- A compensation preclusion period means a period of time you won’t receive Centrelink payments because of compensation you received.
- Centrelink will apply special rules if you receive compensation for a personal injury, which includes an amount for lost income, because you cannot go back to work.
- If you are in financial hardship due to a compensation preclusion period, you may be able to appeal the length of the period.
Can I appeal the decision to stop my payments due to a compensation preclusion period.
SEE PART C
If you receive a lump sum payment of compensation for personal injury which includes an amount for lost income (either in the past or in the future because you cannot go back to work), Centrelink may exclude you from payments for a period of time. This is called a compensation preclusion period.
The length of the compensation preclusion period is based on the total or gross amount of compensation you received, even if some of that money was used to pay legal or medical costs.
Instead of receiving income support payments during this period, Centrelink expects you to use the lump sum payment to support yourself. The compensation preclusion period does not apply to your partner (but the compensation might reduce their Centrelink payments under the usual income tests).
If Centrelink says you received compensation which includes an amount for lost income, but you disagree, you can appeal. You can contact SSRV for advice relating to this before you do so.
50% of your lump sum payment divided by $959.10* = number of weeks you are ineligible.*
Only 50% of the total amount awarded to you is considered for the preclusion period. This means that if, for example, you are awarded $250,000 in workers compensation, only $125,000 is considered by Centrelink for the purpose of working out the preclusion period.
The period of time (the preclusion period) is expressed in weeks. The calculation that Centrelink uses divides the amount of money (in this case $125,000) by the average weekly earning. Therefore, Centrelink would divide $125,000 (half the amount awarded in workers compensation) by $959 which equals 130.3 weeks. That is, your preclusion period would be approximately 2 years and five months.
You can find a calculator on Centrelink’s website to help you work out when you might be eligible for payment.
Centrelink calculates your preclusion period from the time in which the lump sum is paid to you. The date of payment may be many months after the event which has left you unable to work. Complications might arise where you are receiving payment such as the Disability Support Pension in the time immediately before receiving your lump sum compensation. We recommend that you contact SSRV if you are about to receive a compensation payment and are unsure how this might effect your Centrelink entitlements.
Not all lump sum payments you receive as compensation will affect your payments. “Compensation” has a specific definition in the context of Centrelink payments. If you have received money in relation to Total Permanent Disability or in relation to Income Maintenance this money is not compensation. If you have received payments due to a workplace injury (Workcover) or road accident (TAC) these payments generally ARE considered compensation.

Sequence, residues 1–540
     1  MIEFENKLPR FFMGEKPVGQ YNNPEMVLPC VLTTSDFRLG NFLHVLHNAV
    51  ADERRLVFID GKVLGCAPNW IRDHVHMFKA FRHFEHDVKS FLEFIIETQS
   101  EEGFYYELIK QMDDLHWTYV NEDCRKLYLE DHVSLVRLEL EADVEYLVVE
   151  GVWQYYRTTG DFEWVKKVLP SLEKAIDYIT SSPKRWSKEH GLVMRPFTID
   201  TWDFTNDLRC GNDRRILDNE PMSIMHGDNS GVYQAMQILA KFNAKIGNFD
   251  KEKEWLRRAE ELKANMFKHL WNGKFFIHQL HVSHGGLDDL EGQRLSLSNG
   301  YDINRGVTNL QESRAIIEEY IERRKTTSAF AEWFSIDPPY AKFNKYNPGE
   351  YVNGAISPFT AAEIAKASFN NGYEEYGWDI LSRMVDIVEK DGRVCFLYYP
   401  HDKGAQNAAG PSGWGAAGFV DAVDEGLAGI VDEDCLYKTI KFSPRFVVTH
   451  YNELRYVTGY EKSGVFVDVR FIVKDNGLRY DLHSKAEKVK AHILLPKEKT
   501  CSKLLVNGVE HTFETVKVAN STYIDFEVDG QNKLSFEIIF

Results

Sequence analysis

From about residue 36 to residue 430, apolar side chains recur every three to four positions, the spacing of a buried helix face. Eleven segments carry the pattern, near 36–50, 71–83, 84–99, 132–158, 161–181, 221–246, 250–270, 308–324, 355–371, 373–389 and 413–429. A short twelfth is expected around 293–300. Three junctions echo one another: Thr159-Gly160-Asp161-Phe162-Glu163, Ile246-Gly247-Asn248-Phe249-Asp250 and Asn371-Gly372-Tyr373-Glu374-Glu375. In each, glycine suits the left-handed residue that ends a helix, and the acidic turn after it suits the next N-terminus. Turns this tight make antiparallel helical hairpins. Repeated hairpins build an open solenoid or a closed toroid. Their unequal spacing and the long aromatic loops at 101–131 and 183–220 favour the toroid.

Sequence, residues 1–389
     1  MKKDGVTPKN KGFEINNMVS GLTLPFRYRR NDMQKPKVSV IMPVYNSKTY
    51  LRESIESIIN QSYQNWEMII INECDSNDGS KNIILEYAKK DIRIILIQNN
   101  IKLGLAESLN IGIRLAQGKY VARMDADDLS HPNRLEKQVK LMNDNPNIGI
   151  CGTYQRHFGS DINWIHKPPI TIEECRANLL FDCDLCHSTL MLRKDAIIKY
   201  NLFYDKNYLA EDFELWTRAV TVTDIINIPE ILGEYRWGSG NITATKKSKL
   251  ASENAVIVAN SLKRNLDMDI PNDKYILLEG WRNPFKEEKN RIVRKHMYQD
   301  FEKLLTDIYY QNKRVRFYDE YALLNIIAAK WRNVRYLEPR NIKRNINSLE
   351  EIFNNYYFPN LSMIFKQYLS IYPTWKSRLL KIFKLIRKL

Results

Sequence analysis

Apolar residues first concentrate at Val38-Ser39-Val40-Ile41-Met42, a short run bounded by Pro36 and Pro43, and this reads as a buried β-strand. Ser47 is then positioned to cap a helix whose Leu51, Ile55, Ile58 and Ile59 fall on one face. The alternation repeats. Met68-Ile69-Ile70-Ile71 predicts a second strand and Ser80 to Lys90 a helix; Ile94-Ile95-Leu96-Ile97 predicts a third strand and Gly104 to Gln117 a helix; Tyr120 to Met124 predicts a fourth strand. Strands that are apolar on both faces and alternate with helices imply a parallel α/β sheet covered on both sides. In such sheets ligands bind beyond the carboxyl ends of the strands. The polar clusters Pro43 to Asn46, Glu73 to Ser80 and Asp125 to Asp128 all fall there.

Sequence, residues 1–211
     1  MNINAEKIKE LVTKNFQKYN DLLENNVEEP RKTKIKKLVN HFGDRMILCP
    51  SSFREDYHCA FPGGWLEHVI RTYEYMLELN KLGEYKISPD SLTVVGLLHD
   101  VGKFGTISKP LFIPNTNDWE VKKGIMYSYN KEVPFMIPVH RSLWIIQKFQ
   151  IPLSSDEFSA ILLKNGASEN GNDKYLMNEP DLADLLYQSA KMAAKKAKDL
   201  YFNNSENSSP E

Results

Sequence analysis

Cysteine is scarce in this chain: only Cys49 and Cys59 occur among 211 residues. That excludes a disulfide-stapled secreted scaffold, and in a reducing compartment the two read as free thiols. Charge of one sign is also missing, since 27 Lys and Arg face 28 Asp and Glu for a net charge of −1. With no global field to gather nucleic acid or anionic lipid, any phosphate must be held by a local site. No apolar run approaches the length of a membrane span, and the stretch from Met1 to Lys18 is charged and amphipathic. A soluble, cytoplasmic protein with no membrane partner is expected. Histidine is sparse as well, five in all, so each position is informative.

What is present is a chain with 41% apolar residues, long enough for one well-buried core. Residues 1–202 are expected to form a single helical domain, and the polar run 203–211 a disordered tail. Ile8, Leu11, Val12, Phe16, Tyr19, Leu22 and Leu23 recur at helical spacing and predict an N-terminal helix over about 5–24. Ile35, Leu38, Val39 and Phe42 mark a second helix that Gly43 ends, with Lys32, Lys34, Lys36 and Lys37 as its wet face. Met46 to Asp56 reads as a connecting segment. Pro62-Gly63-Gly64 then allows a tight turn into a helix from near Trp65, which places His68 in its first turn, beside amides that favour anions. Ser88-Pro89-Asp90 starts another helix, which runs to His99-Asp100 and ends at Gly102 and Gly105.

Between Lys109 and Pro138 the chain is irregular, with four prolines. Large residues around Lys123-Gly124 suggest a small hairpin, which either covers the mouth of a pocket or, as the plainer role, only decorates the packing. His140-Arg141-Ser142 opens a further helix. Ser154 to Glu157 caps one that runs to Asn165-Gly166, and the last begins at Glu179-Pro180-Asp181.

If you are still unsure what type of payment you have received, contact SSRV or a financial services officer at Centrelink.
If you believe Centrelink have applied a compensation preclusion period incorrectly, this fact sheet includes steps for how to appeal a Centrelink decision to an Authorised Review Officer (ARO) or the Administrative Appeals Tribunal.
A compensation preclusion period may be waived (not applied or ended early) if you have special circumstances.
What are considered special circumstances will be different for everyone and is not defined in social security law. You need to show not only that you are in financial hardship but also that you have other reasons for the period to be waived. Centrelink considers a range of factors when determining whether you qualify for special circumstances. Their primary focus is on “unusual, unforeseen or exceptional circumstances”. Some examples of special circumstances could be serious illness or injury, risk of homelessness or family breakdown.
Start by lodging a claim. In most cases, you should claim Newstart Allowance or Disability Support Pension.
If your claim is rejected, you should immediately tell Centrelink you want to appeal to an ARO. There is a form to help you do this below (see Part C), but you can also do it over the phone – make sure to ask for a receipt number for the phone call. Make sure you do this within 13 weeks of Centrelink rejecting your claim so you can get maximum back pay if your preclusion period is waived.
There are a few payments that can be paid during a preclusion period, and you should check to see if you are eligible for any of these, for example:
- Family assistance payments (Family Tax Benefit) if you have children in your care.
- Carer Allowance, if you care for someone else daily.
- Mobility Allowance, for certain people who need substantial assistance to use public transport because of a disability.
You might be eligible for a Low Income Health Care Card 12 months after you receive the lump sum compensation.
If you feel that Centrelink have incorrectly assessed your compensation, you must make this clear to the ARO, either in writing or if you lodge over the phone.